No Demographic Is Safe from the Opioid Crisis
Our great nation is struggling with a highly lethal drug epidemic, one which causes problems and crippling issues of the very worst kind.
For years we have felt the tight grip of the addiction crisis. With 24 million-plus people in the U.S. struggling with substance abuse, it’s likely that most of us have been affected by this problem in some way or another.
If the drug crisis of the last twenty-some-odd years has taught us anything, it’s that no one is safe from a drug habit. Addiction is something that can affect any person, at any time, no matter their background, their ethnicity, their financial standing, their upbringing, their location, their age, etc.
What really drove this point home for us were the changes in the drug overdose death rates among different demographics in 2017. For years, ethnic minorities and older-age demographics stayed mostly safe from drug overdoses.
For years, white Caucasian Americans took the brunt of the loss from the opioid crisis, with the vast majority of overdose deaths every year being allotted to this group. And while white America still loses the most from opioid drug overdoses by far, other demographics are starting to get involved in the death toll, too.
The Rate of Overdose Deaths and the Overall Number of Deaths Tell Us Different Stories
The Centers for Disease Control and Prevention released a pretty shocking research paper on 2017’s total loss of life from drug use. They published it on January 4th, 2019, and have since started working on the numbers for 2018. (It’ll be several months before preliminary findings for 2018 become available, and a good nine months to a year before the CDC publishes a similar, full report for 2018).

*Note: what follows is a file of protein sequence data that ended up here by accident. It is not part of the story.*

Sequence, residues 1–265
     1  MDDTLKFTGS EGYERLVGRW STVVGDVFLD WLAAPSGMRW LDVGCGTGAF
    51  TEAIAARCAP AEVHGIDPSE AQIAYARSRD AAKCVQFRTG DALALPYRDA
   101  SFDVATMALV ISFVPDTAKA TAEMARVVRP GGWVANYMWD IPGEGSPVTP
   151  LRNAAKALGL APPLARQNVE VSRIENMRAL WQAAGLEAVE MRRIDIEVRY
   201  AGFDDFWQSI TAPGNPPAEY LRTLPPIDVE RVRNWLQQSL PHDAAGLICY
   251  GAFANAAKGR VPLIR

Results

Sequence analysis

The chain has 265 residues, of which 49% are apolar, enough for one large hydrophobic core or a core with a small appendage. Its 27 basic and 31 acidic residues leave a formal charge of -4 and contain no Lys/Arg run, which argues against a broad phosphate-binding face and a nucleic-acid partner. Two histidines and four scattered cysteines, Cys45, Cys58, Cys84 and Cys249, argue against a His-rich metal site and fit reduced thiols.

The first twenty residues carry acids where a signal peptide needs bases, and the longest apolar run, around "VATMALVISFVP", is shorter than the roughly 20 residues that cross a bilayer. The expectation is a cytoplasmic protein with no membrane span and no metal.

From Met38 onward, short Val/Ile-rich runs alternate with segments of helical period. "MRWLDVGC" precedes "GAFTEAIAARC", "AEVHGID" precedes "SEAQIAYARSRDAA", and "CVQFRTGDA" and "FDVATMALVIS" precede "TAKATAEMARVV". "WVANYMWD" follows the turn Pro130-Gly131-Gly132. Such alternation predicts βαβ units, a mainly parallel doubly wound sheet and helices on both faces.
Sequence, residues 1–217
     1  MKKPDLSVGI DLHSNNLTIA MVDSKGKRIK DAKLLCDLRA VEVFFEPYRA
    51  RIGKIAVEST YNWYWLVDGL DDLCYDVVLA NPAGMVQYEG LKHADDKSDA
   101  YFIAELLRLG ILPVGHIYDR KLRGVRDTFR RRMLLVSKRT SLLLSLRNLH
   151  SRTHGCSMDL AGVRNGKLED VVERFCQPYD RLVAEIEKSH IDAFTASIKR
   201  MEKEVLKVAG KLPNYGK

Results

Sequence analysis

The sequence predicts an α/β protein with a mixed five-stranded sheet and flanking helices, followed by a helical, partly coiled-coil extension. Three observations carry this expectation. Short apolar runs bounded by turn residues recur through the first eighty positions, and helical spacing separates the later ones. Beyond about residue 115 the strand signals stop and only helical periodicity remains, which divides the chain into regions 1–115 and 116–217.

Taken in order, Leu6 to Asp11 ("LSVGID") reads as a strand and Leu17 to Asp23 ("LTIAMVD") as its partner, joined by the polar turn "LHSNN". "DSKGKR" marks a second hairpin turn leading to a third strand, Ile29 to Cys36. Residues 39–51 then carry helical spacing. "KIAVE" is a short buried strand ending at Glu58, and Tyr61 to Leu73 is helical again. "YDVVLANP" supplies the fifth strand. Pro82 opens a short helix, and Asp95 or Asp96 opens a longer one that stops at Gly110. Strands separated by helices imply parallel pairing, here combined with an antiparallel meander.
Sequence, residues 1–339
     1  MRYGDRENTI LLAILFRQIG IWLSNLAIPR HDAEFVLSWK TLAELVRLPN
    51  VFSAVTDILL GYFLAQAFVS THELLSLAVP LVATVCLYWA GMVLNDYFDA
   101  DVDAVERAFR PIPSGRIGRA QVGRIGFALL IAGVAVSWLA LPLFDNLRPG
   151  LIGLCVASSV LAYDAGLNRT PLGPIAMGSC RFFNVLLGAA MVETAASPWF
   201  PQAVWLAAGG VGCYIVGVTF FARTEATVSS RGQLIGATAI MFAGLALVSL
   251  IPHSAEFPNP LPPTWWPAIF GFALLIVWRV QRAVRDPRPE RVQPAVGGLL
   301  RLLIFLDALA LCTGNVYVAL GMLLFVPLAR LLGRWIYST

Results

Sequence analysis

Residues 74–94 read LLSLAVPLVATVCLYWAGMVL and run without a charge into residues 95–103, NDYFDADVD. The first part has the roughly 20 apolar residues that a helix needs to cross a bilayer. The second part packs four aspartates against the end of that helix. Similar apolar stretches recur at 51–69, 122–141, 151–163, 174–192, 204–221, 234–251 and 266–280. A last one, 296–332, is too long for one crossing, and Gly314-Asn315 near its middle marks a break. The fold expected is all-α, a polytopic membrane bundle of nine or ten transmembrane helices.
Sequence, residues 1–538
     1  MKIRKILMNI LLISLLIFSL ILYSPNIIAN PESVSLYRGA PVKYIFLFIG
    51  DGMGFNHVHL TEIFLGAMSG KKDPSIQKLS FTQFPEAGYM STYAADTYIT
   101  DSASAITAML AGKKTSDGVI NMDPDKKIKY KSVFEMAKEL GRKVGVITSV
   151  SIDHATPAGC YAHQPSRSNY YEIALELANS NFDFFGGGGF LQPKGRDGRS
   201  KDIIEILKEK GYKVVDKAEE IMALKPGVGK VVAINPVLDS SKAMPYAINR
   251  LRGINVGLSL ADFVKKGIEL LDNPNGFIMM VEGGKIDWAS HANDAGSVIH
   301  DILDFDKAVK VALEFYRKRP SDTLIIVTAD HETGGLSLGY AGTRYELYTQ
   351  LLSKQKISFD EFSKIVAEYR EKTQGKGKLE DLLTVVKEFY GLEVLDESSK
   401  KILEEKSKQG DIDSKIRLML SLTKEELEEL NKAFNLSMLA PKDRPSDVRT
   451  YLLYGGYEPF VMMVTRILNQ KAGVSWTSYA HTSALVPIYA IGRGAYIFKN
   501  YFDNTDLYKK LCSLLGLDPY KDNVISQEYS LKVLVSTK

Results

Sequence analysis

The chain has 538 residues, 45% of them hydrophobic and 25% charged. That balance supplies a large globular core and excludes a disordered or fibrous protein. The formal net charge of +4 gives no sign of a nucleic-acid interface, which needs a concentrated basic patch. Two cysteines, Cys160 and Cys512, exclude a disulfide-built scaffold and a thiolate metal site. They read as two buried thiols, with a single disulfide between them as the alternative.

“In 2017, among 70,237 drug overdose deaths, 47,600 (67.8%) involved opioids, with increases across age groups, racial/ethnic groups, county urbanization levels, and in multiple states….”
Here’s the opener: “In 2017, among 70,237 drug overdose deaths, 47,600 (67.8%) involved opioids, with increases across age groups, racial/ethnic groups, county urbanization levels, and in multiple states. From 2013 to 2017, synthetic opioids contributed to increases in drug overdose death rates in several states. From 2016 to 2017, synthetic opioid-involved overdose death rates increased 45.2%.”
Clearly, this problem is expanding, and lethally so. U.S. News featured the CDC’s research paper in their own periodical, focusing on the highlights of the CDC’s research and what this meant for the many demographics that call the United States their home.
Most prominent is the heavy toll that the opioid crisis is now taking on the African American community. Here we have the phenomenon of the rate at which minority demographics are now dying from drug use, compared to the total number of overdose deaths among all demographics.
In the black community, 5,513 black Americans died from overdoses on opioids or opioid-related causes in 2017. That number is up 26% from the 4,374 who died in 2016. True, far more whites died from opioid-involved deaths, (37,113 deaths in 2017 altogether). However, the death toll among the white community only increased by 11% from 2016—less than half the 26% rate of increase among the black community.